It’s become a tradition in American football to celebrate a touchdown with everything from a dance, to a pose, to a leap, and even a kiss (on a bicep). Some signature moves end up with a name like Kaepernicking, Griffining, and Tebowing. And those often end up as catchphrases, which inevitably turn up as registered trademarks … not surprisingly, just as they start appearing on merchandise.
But one that’s hard to trademark is New York Giants Victor Cruz’s celebratory salsa dance. Despite the Giants 1-6 record, or perhaps because of it, there have been many imitators of the Cruz salsa this season, especially from Giants opponents. We’ve recently seen some end zone salsas from a couple of Kansas City Chiefs players (Dwayne Bowe and Dexter McCluster) and from Philadelphia Eagles receiver DeSean Jackson. Can Cruz’s “trademark” dance be borrowed so easily?
Cruz happens to be a trademark owner—for his Young Whales clothing line—but he does not own a trademark for those salsa moves. Dance moves, particularly common or traditional dance steps are not protectable. “Even though dance is one of the world’s oldest art forms, the legal framework around it is still one of the least developed around,” according to Julia Haye, on the Law Law Land blog.
IP Spotlight points out that last year, the U.S. Copyright Office issued a Statement of Policy limiting copyright protection for exercise routines, sequences of yoga poses, and compilations of dance steps. The Statement included this guidance: “a compilation of simple dance routines or social dance steps is not copyrightable, while an ‘arrangement of a related series of dance movements and patterns organized into an integrated, coherent and expressive whole’ gives rise to choreographic authorship that is entitled to copyright protection.”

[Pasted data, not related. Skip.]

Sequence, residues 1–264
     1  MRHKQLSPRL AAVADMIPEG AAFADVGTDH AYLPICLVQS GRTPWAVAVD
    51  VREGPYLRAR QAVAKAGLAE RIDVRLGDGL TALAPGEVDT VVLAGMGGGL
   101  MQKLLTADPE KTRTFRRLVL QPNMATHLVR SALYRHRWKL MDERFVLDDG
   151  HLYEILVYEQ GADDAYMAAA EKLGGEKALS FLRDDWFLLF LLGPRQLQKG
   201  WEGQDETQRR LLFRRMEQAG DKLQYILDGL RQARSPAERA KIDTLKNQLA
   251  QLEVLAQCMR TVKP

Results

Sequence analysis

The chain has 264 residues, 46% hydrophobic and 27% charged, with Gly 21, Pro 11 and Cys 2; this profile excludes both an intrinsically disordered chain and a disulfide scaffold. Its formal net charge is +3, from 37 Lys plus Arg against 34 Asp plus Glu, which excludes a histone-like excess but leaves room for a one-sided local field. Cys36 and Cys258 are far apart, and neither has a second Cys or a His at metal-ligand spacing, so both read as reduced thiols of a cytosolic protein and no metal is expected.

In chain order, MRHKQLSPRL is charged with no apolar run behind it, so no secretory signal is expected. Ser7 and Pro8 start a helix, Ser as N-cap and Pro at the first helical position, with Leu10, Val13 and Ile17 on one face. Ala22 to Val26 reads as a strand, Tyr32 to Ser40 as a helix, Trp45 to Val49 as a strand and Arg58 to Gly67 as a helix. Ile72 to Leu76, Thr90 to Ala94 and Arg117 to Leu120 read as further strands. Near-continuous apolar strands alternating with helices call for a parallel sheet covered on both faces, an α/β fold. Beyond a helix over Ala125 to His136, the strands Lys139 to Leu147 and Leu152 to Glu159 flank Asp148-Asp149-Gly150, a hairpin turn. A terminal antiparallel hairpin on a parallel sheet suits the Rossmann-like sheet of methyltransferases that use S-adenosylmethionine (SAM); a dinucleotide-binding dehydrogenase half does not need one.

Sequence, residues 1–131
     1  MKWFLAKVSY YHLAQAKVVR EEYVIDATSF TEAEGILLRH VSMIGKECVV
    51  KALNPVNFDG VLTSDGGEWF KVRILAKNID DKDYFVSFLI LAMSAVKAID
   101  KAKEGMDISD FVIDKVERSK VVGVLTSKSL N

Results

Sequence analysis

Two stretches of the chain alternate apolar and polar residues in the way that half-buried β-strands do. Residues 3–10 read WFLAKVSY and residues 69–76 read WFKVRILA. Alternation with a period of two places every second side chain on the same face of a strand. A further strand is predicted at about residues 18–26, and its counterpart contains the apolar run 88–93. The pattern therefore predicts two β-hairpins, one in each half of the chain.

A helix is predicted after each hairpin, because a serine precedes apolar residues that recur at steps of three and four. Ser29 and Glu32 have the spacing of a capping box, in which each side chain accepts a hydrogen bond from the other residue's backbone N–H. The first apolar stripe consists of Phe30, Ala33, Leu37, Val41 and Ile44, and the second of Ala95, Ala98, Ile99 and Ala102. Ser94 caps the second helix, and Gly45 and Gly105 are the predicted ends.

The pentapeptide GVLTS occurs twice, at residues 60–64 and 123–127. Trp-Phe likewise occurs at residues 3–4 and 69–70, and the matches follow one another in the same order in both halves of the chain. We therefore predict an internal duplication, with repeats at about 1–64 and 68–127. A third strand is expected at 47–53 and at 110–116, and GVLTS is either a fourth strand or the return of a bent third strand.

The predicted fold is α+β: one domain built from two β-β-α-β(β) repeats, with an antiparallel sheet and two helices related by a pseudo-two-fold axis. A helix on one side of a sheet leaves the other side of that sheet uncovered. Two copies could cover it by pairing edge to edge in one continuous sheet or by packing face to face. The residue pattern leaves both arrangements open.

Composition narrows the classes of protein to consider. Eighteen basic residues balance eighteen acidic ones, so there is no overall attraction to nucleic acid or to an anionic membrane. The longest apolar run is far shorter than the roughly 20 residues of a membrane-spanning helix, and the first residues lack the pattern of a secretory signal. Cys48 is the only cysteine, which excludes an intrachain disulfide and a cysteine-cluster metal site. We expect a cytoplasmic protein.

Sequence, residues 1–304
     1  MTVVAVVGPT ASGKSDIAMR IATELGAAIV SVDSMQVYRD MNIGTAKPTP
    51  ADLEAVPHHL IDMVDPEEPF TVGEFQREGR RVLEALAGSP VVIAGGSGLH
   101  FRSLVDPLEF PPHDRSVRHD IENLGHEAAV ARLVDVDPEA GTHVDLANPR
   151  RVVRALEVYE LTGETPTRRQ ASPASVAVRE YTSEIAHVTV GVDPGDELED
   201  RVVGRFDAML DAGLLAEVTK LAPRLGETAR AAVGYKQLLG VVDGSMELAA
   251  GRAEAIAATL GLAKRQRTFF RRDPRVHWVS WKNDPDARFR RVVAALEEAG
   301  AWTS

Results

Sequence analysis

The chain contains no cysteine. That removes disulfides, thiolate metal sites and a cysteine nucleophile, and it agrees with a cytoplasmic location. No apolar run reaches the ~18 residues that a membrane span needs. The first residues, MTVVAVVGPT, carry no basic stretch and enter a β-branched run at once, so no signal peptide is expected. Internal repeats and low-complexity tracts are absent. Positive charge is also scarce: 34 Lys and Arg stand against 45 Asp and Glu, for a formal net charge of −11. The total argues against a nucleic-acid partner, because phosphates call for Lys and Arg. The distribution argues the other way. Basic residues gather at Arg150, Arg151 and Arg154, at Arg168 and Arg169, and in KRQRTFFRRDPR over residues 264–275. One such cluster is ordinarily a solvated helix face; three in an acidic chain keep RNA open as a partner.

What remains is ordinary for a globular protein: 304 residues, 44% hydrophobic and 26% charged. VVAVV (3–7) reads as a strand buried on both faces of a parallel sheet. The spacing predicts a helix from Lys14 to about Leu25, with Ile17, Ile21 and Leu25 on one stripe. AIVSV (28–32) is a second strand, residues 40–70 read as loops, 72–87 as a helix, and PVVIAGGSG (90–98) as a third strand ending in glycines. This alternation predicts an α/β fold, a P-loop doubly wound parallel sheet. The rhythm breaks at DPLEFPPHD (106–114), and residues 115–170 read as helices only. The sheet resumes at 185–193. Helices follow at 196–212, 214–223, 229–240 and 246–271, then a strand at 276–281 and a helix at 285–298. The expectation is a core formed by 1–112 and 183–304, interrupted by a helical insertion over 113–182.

Is imitation really the sincerest form of flattery? Imitations of touchdown celebrations abound: How many times have you seen Green Bay Packers opponents leap into the stands at Lambeau Field in imitation of the home team’s renowned celebration move? And how about all those imitators of former Baltimore Ravens linebacker Ray Lewis’ Squirrel Dance?
Which sports move do you think will be the next registered trademark? Which one is your current favorite?